Venerable Maha Boowa Yanasampanno
Baan Taad Forest Monastery
Udon Thani Thailand
The religion of Buddhism originates from the teachings of the Buddha.
In his first sermon of Patimoke, the Buddha taught “One does
not do harm, One does only good deed, One purifies one’s mind”
– this is the practice and teachings of the Buddha.
“One Does Not Do Harm” means one abstains
from doing bad deeds. One does not cause trouble in body, speech
and mind. For example, one does not kill, steal, lie, commit adultery
nor take intoxicants because these actions have negative effects
on the person who commits the act - as well as - the person, who
“One Does Only Good Deed” means doing
good deed through body, speech and mind. For example, one practices
generosity, one is unselfish in giving material things to help others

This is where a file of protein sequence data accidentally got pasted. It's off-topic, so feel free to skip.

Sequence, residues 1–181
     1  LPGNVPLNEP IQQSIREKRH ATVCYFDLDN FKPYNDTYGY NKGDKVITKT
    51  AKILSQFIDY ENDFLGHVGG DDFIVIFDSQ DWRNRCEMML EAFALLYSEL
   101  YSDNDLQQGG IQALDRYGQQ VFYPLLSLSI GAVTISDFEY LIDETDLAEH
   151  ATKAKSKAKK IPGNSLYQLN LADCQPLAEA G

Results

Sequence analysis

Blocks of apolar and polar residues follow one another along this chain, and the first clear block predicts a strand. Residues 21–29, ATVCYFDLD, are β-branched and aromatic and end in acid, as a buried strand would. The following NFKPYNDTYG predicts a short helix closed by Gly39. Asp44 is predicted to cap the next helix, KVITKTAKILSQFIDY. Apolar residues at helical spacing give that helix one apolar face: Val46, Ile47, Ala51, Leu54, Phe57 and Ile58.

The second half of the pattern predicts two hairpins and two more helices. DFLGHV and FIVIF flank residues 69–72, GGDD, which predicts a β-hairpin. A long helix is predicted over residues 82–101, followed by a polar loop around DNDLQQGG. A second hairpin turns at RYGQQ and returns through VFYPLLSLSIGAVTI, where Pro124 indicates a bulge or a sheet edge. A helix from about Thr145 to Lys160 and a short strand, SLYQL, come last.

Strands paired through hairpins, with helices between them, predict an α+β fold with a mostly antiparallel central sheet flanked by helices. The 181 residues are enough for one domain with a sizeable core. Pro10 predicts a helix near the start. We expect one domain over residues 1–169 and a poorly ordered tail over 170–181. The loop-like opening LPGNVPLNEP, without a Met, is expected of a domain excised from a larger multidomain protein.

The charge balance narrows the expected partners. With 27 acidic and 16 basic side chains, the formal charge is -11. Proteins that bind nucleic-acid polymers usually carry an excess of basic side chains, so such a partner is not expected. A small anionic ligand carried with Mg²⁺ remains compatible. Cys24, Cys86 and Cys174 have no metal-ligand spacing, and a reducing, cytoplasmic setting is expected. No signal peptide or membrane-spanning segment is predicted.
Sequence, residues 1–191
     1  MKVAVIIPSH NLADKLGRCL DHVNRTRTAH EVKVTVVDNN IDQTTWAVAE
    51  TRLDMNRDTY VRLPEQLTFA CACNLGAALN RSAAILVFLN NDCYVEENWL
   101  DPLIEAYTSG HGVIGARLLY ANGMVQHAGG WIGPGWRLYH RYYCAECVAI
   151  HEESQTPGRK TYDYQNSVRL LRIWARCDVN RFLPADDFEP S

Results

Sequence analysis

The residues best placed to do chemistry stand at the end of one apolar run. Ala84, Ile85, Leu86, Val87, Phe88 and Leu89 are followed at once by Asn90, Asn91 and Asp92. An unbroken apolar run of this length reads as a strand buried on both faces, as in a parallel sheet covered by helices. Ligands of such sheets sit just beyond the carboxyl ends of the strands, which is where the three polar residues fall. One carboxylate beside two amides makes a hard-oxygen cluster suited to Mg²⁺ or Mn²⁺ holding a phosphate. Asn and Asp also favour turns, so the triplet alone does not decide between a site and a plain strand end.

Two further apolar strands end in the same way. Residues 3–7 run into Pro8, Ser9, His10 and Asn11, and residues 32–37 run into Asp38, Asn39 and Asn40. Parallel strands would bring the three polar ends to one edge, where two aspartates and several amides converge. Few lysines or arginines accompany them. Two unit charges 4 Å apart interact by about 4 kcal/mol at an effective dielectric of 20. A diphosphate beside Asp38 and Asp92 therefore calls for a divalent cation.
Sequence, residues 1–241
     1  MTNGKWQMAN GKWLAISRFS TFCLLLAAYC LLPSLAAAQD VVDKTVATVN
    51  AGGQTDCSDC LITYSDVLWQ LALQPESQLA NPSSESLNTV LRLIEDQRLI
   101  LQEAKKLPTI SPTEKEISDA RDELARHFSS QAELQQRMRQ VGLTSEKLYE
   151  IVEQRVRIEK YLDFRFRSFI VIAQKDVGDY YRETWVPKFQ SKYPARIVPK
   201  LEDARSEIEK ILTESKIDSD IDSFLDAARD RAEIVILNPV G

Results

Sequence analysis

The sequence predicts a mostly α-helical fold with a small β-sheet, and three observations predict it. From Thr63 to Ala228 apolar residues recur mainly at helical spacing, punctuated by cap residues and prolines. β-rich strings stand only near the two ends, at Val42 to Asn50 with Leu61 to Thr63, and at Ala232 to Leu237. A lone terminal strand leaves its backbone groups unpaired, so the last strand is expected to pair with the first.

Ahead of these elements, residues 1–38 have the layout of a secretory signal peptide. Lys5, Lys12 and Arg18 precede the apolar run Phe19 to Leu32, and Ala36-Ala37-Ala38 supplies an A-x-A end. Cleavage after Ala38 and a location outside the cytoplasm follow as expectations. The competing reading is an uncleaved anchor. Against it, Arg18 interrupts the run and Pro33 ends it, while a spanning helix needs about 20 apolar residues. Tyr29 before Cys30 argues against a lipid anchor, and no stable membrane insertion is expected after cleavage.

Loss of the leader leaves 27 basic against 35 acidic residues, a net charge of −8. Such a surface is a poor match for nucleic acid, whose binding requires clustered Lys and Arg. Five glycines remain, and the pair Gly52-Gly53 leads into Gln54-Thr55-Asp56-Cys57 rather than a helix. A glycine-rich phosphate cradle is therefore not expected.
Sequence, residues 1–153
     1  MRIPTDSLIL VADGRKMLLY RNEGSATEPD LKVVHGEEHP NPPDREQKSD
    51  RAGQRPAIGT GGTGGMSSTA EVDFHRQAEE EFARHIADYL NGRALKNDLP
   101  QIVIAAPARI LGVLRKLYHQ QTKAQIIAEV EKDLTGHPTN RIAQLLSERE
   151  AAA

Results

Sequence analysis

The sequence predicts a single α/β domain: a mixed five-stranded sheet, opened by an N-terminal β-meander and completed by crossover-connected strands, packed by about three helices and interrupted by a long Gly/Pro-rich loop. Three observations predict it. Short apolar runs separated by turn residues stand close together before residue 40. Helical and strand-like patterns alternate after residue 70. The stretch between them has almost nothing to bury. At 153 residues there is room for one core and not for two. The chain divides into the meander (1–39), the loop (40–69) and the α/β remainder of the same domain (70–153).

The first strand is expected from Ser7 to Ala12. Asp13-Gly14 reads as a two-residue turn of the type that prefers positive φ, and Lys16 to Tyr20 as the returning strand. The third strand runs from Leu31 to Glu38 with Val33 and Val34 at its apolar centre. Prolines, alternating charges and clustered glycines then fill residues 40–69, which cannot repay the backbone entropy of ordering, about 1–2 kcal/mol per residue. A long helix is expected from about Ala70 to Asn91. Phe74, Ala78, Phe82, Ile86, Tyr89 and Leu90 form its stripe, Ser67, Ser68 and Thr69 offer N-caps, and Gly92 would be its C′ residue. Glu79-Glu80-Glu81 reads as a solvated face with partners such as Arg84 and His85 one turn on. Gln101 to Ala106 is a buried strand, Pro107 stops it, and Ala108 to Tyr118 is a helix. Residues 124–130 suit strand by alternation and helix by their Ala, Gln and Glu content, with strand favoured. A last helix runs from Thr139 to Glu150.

and society. One is compassionate towards all beings and takes care
of each other. One is moral in body, speech and mind (does not kill,
does not lie, does not steal, does not commit adultery, and does
not take intoxicants).
“One Purifies One’s Mind” means
one practices meditation so the mind is aware of one’s thought.
One is able to let go of the thought by coming back to the present
moment (one does not follow the thought, but simply remains as an
observer of one’s thought or feeling). This is the practice
of mindfulness which leads one to experience the stillness of the
mind. One experiences inner peace even when one faces difficult
The religion of Buddhism is based on the code of conduct and practice.
The code of conduct is listed in the Tripitika, the books which
contain all the teachings of the Buddha. The practice is being aware
of one’s body, speech and mind. As the results of being aware,
one gains insight and wisdom. This leads to Nibbana (Nirvana), the
end of suffering or the ultimate happiness (contentment).
The Buddha taught the 4 Noble Truths:
1. Dukkha or suffering, which means birth, decay
and death which are the normal incidents of life. It also means
sorrow, lamentation, pain, grief and despair which are at times